The Brooklyn Daily Eagle anticipates the beginning of the 1920 World Series
Charles Ebbets' long career as Brooklyn Dodger club president spanned some 27 years encompassing the entire Deadball Era and even the first half of the Roaring Twenties. Of special note in the latter period was the 1920 season when Ebbets' team won the National League pennant for the fourth and final time in his tenure. Unlike 1916 there wasn't a lot of drama to the pennant race since the Dodgers went on a hot streak in September, gradually pulling away to finish seven games ahead of the second place Giants. What was interesting about 1920, however, was the highly critical, almost hostile attitude of Dodger fans for most of the season, contrary to the popular image of Brooklyn fans being unfailingly loyal no matter how grim the outlook. After one particularly poor home performance, in a scene unimaginable today, a crowd of fans cornered Ebbets to voice their displeasure, a situation, the Brooklyn magnate was fortunately able to defuse. Things reached the point long time Brooklyn Daily Eagle writer, Tom Rice, warned the fans, that if they didn't mend their ways, it would cost Brooklyn the pennant. It's a hard claim to accept, but fortunately better behavior by fans after the lecture from Rice and improved play on the field avoided putting the question to the test.
Brooklyn Daily Eagle - June 13, 1920
Earlier in the season, perhaps trying to improve the situation through positive reinforcement, another Eagle writer, Frank Dunham, who was also an artist, did a series of drawings and descriptions of those he labeled "33rd Degree Baseball Fans," a takeoff on the highest honorary title in freemasonry. The sketches have historical value because they give a sense of some of the people who were ardent baseball fans almost a century ago. Of the ten or so that were published, what follows is a closer look at three chosen primarily because I was able to find more information beyond that provided by Dunham. Leading off is the only one I had previously heard of Monseigneur Edward McCarty, a Roman Catholic priest who was part of what was referred to as "clergy row," an ecumenical group also including a Protestant minister and a rabbi. McCarty may actually have been the inspiration for the series which began in July of 1920, not long after the priest celebrated the 50th anniversary of his ordination to the priesthood by throwing out the first pitch at a Brooklyn game.
Brooklyn Daily Eagle - July 4, 1920
Brooklyn Daily Eagle - July 14, 1920
Apparently clergy row wasn't strictly limited to the ordained as Colonel Franklin P. Sellers was also a regular member due to his position as the religion editor of the Eagle. In spite of being called "Colonel,"Sellers' military experience was limited. Recently on the SABR's 19th century email list, Richard Hershberger told of a newspaper account that called legendary sports concessionaire magnate, Harry M Stevens "Colonel," again apparently without any significant military experience. I've also seen Ebbets and other base ball owners called "Colonel" especially late in their careers. Although some states awarded the title as an honor, but New York was not one of them. Sellers wasn't without some military experience, however, as the Eagle reported he had been a drummer boy with the 40th New Jersey during the Civil War. When the veteran newspaperman died in 1927, the august New York Times even reported he had taken part in a "forced march to join Sherman's army." A review of the official records, however, indicates Sellers enlisted in the Union Army on March 6, 1865, just about a month before the war's end and was discharged in July, total service of about 129 days during which it's unlikely he did any significant marching, much less fighting. The Eagle account also claimed Sellers played first base for an amateur team in Belvidere, New Jersey where his father was a newspaper editor. A review of my files through 1870 shows no such name in any box score, but it's certainly possible.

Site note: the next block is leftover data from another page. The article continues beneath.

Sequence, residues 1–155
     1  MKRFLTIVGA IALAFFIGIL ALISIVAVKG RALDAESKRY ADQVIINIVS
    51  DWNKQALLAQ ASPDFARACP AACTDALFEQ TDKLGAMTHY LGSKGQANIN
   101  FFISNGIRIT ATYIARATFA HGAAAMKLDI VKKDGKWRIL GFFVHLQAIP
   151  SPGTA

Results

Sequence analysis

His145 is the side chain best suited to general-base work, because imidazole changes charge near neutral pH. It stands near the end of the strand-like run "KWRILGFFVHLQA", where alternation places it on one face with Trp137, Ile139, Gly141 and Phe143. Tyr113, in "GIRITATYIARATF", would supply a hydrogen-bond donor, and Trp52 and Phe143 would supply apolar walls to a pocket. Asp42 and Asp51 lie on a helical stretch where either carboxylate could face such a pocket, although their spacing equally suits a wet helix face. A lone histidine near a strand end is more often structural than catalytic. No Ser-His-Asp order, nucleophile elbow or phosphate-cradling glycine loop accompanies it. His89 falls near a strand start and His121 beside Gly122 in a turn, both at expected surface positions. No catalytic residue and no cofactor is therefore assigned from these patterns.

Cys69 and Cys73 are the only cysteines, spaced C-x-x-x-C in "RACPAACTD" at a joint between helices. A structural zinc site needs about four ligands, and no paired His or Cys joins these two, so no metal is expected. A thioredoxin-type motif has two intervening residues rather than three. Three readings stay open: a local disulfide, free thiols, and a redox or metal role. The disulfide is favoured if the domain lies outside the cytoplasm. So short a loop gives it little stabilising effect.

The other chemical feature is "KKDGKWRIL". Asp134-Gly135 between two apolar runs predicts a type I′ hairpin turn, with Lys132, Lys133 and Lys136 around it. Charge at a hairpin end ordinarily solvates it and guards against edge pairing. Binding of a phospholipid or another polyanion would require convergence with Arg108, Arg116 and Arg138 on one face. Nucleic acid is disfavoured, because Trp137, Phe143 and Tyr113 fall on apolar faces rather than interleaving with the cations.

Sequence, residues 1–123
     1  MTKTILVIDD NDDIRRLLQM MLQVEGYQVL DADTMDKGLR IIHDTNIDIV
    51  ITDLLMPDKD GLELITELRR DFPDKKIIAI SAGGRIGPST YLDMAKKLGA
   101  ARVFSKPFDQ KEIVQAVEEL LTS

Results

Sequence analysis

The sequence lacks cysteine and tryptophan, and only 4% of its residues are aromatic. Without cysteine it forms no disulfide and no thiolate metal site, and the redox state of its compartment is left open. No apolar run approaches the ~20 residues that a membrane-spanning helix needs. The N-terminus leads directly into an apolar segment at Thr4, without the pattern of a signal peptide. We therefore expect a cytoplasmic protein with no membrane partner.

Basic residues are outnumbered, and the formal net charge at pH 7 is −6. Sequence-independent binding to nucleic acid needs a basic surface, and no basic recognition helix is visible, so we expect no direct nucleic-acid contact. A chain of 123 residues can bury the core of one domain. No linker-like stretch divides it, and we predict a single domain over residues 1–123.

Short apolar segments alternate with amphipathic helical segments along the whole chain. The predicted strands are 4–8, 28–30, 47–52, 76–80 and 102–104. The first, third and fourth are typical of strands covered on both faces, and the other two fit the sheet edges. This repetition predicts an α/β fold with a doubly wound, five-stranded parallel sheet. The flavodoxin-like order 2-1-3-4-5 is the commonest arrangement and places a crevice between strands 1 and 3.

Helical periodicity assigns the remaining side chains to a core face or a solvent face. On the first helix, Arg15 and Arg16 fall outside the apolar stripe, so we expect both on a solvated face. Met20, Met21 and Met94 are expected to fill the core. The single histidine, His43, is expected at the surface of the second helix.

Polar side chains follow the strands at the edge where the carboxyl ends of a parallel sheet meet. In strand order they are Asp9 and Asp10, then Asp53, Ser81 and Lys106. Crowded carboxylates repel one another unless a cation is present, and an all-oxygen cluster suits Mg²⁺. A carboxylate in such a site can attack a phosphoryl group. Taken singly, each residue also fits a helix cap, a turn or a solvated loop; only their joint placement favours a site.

Brooklyn Daily Eagle July 18, 1920
Spalding Guide - 1897
It's to be hoped these and the other accounts of Brooklyn Dodger faithful provided sufficient positive role models for other fans, contributing to the supposed improvement in fan support and the Dodgers ultimate success in the 1920 pennant race. From a modern perspective the sketches give a sense of the relationship between the club's fan base and Charles Ebbets as an owner. In addition to the priest, newspaper man and judge portrayed here, the group also included politicians, a postmaster and some local businessmen suggesting the breadth and depth of support for Ebbets' club. Prior to becoming club president in 1898, Ebbets served a long 15 year apprenticeship in what was a very seasonal job. Early in that period he moved to Brooklyn and used his "free time" to immerse himself in Brooklyn life including other sports (primarily bowling), social and fraternal organizations and politics. Politics mean running for office and the Brooklyn baseball man represented his new home town in both the state legislature and the city council. The end result was a broad network of community relationships that served Ebbets well throughout his even longer tenure as lead owner. Ebbets not only came up through the ranks, but out of the community building a relationship between Brooklyn and its team which lasted long after his death and may be his greatest achievement.